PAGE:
Wind and sun can wreak havoc on your wind chimes. This is a guide about repairing wind chimes.
The elastic takes the stress much better than cord without stretch. It hasn't broken one string yet and we get some mighty strong winds. You can tie it in knots but the crimping beads made for jewelry making also are really quick and handy.
By latrtatr from Loup City, NE
I have a heavy 5-cylinder (metal) wind chime with dry-rotted strings. I am at a loss as to re-stringing it. I mean, what kind of string should I buy? Anything strong and durable is then too thick to re-thread through the holes.
I even tried "Venetian blind"' string (too thick also). Should I use fishing line; and what strength should I buy? Also, what do I use for the part at the top where the strings go through, before attaching it to the main hanger?
It has sentimental value to me, so tossing it in the dumpster would break my heart. Any help would be greatly appreciated. Thanks.
By Lois Jean from Brandenburg, KY
I just re-strung mine. I used 80-lb. test, braided (not mono-filament) fishing line. Worked really well. I have also seen them done on monofilament fishing line; but I like the braided.
Oh, and mine has fishing swivels and clasps; if you go in the fishing department, you can look around and see what they have. If you use monofilament, probably a 25 or 30 lb. test would work.
I've always used fishing line. It's great because you can get it in all sorts of strengths. It's also inexpensive. If you want to be doubly sure it holds you can double or even triple or quadruple the lines you use for each chime, and it still looks very nice and professional. You could even string wooden beads or other decorations along the line for even more originality.
As far as what weight to buy, weigh all the chimes and the center piece. Use that as a guide. If you can't find fishing line that heavy, then figure on using 2-3 strands per chime.
My lighthouse wind chime thread broke and I don't like fishing line. What thread should I use?
What is the name of the string and where can I buy it?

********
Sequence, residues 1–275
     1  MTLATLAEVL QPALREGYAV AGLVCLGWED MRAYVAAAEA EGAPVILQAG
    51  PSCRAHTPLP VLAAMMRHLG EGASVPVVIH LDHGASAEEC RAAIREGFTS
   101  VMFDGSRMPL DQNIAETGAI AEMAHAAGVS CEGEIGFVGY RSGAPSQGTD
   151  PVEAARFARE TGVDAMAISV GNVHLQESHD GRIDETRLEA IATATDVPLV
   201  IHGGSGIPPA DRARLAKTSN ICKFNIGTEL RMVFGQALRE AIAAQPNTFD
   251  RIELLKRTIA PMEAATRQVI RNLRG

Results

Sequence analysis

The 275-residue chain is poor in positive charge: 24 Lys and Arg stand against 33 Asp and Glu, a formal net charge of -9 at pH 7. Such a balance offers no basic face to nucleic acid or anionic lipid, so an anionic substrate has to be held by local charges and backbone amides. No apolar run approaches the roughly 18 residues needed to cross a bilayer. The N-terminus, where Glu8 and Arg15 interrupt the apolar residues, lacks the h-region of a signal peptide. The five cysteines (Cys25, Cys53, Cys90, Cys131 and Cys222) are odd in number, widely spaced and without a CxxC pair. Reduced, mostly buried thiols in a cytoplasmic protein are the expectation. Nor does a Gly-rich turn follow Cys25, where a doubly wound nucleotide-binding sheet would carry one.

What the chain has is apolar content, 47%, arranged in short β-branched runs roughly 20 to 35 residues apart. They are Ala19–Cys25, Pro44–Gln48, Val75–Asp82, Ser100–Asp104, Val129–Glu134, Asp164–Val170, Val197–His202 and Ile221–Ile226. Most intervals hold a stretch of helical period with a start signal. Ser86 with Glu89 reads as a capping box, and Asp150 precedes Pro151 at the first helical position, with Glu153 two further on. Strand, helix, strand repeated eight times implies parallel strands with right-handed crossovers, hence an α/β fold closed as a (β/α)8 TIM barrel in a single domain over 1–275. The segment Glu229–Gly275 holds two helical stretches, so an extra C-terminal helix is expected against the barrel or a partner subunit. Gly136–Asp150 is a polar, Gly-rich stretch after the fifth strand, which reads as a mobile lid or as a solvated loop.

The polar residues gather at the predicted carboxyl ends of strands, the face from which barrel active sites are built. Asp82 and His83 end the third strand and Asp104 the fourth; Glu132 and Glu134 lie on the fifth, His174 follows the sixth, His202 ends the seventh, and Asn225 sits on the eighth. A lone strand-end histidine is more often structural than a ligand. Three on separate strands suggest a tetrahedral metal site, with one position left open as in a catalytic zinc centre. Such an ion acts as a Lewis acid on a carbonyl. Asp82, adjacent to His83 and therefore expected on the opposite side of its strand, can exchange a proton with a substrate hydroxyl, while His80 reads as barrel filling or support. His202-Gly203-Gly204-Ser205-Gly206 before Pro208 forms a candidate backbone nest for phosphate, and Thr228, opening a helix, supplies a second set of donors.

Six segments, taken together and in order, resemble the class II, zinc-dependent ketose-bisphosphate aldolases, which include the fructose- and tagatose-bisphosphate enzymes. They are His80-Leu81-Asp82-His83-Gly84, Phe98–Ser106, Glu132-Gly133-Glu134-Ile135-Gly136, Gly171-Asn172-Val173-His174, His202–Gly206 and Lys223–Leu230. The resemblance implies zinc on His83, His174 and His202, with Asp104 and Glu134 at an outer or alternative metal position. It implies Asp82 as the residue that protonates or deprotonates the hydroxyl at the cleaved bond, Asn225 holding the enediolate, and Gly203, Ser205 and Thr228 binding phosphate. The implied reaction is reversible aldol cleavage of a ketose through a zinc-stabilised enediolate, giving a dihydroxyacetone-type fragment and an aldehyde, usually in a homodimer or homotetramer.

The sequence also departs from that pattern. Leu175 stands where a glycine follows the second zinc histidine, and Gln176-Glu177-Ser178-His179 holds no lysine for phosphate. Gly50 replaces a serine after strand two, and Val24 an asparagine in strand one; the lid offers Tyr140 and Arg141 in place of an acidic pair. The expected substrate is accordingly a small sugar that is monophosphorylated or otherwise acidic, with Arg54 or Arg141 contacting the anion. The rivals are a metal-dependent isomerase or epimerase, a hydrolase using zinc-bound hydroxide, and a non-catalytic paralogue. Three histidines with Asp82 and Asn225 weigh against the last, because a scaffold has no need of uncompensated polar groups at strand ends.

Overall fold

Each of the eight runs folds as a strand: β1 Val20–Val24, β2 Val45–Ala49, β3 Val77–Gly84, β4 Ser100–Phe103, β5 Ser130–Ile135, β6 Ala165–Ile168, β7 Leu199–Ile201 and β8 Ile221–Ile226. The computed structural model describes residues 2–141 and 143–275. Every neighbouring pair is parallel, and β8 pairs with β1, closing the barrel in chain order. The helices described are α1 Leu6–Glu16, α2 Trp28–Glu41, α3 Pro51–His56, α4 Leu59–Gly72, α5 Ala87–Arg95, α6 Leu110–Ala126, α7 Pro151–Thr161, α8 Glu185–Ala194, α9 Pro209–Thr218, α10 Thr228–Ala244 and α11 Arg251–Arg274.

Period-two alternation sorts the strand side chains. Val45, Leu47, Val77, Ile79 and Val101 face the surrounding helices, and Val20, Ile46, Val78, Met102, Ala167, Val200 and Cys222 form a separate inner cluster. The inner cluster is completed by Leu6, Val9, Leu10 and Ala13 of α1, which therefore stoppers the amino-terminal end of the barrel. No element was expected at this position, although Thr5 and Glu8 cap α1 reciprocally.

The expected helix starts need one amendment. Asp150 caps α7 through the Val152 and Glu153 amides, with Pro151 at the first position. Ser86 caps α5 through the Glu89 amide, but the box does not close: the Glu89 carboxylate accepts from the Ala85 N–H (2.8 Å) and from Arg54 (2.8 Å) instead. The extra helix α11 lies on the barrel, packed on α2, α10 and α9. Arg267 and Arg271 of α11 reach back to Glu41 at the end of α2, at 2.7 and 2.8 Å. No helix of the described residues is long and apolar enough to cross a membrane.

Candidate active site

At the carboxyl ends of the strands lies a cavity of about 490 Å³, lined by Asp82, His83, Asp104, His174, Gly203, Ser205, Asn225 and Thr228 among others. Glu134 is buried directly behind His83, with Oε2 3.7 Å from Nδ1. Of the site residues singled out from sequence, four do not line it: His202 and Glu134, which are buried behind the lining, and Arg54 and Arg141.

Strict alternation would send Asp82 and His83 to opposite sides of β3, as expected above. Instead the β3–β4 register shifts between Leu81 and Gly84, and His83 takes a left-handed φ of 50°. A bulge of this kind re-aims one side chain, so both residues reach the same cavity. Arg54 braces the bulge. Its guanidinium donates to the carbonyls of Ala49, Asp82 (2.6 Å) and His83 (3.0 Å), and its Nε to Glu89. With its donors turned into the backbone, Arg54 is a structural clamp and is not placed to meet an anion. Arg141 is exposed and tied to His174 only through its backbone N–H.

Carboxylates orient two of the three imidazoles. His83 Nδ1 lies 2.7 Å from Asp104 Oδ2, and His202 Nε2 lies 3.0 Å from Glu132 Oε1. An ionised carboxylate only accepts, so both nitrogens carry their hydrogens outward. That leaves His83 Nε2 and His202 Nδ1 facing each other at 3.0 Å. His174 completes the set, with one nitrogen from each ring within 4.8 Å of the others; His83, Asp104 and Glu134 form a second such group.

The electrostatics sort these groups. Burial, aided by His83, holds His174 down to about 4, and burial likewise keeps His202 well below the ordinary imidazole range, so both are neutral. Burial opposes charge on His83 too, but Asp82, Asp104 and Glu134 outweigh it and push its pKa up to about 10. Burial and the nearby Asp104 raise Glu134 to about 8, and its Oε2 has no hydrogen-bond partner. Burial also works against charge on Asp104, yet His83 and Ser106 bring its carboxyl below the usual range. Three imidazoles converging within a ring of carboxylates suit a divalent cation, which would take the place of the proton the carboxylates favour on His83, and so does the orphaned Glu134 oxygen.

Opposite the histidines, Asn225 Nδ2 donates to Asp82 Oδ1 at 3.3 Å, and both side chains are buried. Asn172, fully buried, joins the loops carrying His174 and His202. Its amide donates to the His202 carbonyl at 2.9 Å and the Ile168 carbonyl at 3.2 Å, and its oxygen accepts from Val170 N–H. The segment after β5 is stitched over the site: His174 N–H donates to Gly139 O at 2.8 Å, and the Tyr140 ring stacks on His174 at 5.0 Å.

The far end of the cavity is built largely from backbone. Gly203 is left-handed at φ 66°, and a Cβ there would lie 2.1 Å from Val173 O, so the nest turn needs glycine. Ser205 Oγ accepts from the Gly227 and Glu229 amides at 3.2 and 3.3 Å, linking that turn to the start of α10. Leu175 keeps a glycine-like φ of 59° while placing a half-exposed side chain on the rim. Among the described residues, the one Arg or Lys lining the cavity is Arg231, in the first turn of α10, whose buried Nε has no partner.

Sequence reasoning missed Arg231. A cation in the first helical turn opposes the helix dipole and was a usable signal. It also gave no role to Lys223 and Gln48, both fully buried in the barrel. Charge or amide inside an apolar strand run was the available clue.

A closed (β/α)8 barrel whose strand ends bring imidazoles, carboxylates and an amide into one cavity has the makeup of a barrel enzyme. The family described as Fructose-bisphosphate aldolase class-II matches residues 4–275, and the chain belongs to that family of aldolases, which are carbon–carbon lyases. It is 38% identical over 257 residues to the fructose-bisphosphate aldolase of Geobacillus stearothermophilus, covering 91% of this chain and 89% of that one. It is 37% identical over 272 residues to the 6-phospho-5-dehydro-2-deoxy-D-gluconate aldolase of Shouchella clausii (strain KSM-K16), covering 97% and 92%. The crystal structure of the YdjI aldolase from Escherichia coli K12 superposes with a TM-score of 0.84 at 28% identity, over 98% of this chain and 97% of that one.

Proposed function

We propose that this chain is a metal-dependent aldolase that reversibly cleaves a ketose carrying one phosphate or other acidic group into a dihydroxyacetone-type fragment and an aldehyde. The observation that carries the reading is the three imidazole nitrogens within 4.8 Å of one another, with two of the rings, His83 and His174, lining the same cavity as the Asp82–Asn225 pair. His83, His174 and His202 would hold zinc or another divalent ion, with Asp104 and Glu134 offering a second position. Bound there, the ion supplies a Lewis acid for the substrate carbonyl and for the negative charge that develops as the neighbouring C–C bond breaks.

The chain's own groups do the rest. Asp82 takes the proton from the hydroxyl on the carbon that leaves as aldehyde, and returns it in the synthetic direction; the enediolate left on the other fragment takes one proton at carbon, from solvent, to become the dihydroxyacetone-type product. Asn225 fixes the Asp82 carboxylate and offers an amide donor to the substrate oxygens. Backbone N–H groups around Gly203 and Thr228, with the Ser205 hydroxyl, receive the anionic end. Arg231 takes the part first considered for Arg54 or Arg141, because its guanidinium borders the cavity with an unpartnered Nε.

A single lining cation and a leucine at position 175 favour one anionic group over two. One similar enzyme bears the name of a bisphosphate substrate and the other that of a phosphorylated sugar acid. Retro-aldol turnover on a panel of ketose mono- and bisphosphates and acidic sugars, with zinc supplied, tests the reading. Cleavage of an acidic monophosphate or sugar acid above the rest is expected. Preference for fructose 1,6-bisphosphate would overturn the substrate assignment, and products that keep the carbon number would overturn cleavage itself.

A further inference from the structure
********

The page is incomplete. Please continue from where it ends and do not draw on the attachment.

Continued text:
I am not sure but you could replace it all with fishing line or waxed dental floss. Good luck.
I can't find instructions, specific instructions as to how to string the wind chimes, which holes first, etc. Most just say to put the string through the hole. Mine were all on one string when I purchased the wind chime and not 6 separate strings. Any help?
By Joanne P
Just go to windancerchimes.com and you will find assembly instructions as well as an assembly drawing.
I have a wind chime that I love. The strings holding it together and the wooden part that holds the strings fell apart from dry rot. I cut the strings to keep the metal chimes. How can I restring it and provide a holding for the string? I have no access to a saw. Thank you.
By blondrosecat from Cedar Bluff, VA
Use fishing line to restring the chimes then tie onto a dowel, stick, or even a wooden coat hanger. (04/27/2009)
How about poking holes in a jar lid and stringing fishing line through it? (04/27/2009)
You can buy a wooden disc that would work at Hobby Lobby, Joanns, or Michaels. Use fishing line, it won't rot. (04/27/2009)
You didn't state what type of wind chime you own, so here's a link to specify what you need and where to buy new string.
Find a old tin pan lid, unscrew the top knob to attach a wire hanger that you can make out of strong wire, or purchase a "eye" bolt at the hardware that will fit the hole. Put washers on each side for stability and to keep the eye bolt from pulling through. Then drill holes evenly spaced according to how many chimes you have and their width (they will have to touch slightly). Attach fishing line to chime, measure length desired, run through lid hole and tie onto a small washer. Will last for many years. (05/03/2009)
If it is just for the part that holds the strings in place, try a larger plastic lid, like from a large Cool Whip, or can of coffee. You can then poke holes in it with a heated needle, and if needed slice through from the outer edges to the holes. This would only work for the spreader part, not if it was a part that strikes the chimes. (05/06/2009)